J: Kari, since you’re geeking out over there, we have a comment from Meghan that TalkWalker alerts are free and better than Google alerts. She said it sends her about 90% of placements. So thanks, Meghan for that tip. I’m not familiar with TalkWalker, myself, but I’ll have to check it out.


    K: I’m not familiar with it either. I’ll have to check that out. Oh, somebody else is chiming in and saying that nobody tells them when their HARO placements go live. “We were on a Best Of The Year roundup once and nobody told us” so that’s pretty brutal.


    A: Oh my god! I don’t understand! I mean, that’s the first thing I think of! As soon as I get an article, I want to share it with the people who contributed to it.


    J: Not to mention, when you’re sending these alerts to people that they’ve been quoted, the chances that they’ll return the traffic back to you seems like it would just sort of keep that karma going.


    A: Absolutely. Most of the time when I send people a link and I’m like “Hey, that’s so much for your input, here’s the link,” they almost always tweet it after. It’s in your best interest to be a good person.


    J: Hopefully there are some reporters listening!


    K: Somebody else says they really like mention.com, because it picks up more than Google alerts. We also use Mention. I do think that BuzzSumo outperforms Mention.


    So Aly, somebody wants to know how you would prefer an introductory email as discussed early. The one-month-before-pitching-a-product email and how often do you respond to that initial email. So when somebody has an introductory email and they want to hit you up about something later but that’s down the road a few weeks, what’s the best way for them to go about making that introduction?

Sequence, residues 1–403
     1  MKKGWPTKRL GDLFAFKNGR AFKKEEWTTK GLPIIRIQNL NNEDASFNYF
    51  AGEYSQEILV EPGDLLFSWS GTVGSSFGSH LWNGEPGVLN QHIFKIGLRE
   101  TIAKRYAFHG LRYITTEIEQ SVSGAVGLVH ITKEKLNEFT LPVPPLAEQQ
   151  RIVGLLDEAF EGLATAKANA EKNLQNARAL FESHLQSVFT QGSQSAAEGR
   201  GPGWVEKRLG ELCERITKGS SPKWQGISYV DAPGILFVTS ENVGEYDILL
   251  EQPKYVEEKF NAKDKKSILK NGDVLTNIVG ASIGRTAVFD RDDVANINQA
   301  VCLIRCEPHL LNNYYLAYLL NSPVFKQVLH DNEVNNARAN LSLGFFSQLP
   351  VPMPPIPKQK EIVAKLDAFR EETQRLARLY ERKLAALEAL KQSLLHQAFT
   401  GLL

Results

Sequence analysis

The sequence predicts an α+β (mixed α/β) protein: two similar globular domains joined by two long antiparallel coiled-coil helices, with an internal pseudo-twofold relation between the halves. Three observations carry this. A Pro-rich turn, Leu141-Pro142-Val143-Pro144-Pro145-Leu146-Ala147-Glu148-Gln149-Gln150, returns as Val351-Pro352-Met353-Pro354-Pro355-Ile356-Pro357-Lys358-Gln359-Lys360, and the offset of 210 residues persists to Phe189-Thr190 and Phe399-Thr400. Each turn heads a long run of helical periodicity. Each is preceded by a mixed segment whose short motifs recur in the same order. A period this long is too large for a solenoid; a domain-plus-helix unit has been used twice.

A: Just that. Just send me an email and say “Hey, I noticed you wrote about this-or-that and I have a product/service/destination that I feel like would be right in like with what you write about and I would like to keep in touch.” And I will respond. If I’m on a deadline, I may not respond that day or that week, but I will respond.


    K: That’s good to know. And does it help when they follow you on Twitter and show you a little social love?


    A: Absolutely. There’s definitely been times where I’ve even done crowdsourcing on Twitter and I’m like “Hey I need this” and people have discovered it and contacted me via email because I mentioned it on Twitter. I always share all my articles there too, so that helps.


    K: So now we’re on to some case studies and I know a guy who got three clients placed in one article and that guy is on the webinar right now, so Jason do you want to talk to us a little bit about that?


    J: So this was a recent case study for when I was doing PR for Fairtrade America, and I guess the moral of this pitching tale is that I was very thorough in the pitch and gave, like Aly was saying before, gave the writer everything I thought they would need. I always try to make the writer’s job easier so that hopefully all they have to do is cut and paste and I find that you have a better chance of being quoted the way you want to if you have a well-written quote. So with this pitch which was for a writer with Forbes it was an article for Halloween candy. Fairtrade happens to have a number of licensees that fall under that category, so not only were we able to get a mention for our primary client, which is Fairtrade America, but we also got some of their commercial partners like Glee Gum and Endangered Species chocolate mentioned and linked back to just by being thorough and giving them the information and they ended up using all of it. It doesn’t always work out that way but it’s definitely good to give as much information as you can without going overboard.


    K: And to be clear, this Forbes opportunity came in through HARO, correct.


    J: You got it.


    K: Great. So we have another case study from HARO because we love it. This is Lynn and she works for TCF and she got quoted in Inc. 10 (More) Leadership Experts Share Their Best Leadership Tip. And she helped get TAB in that article.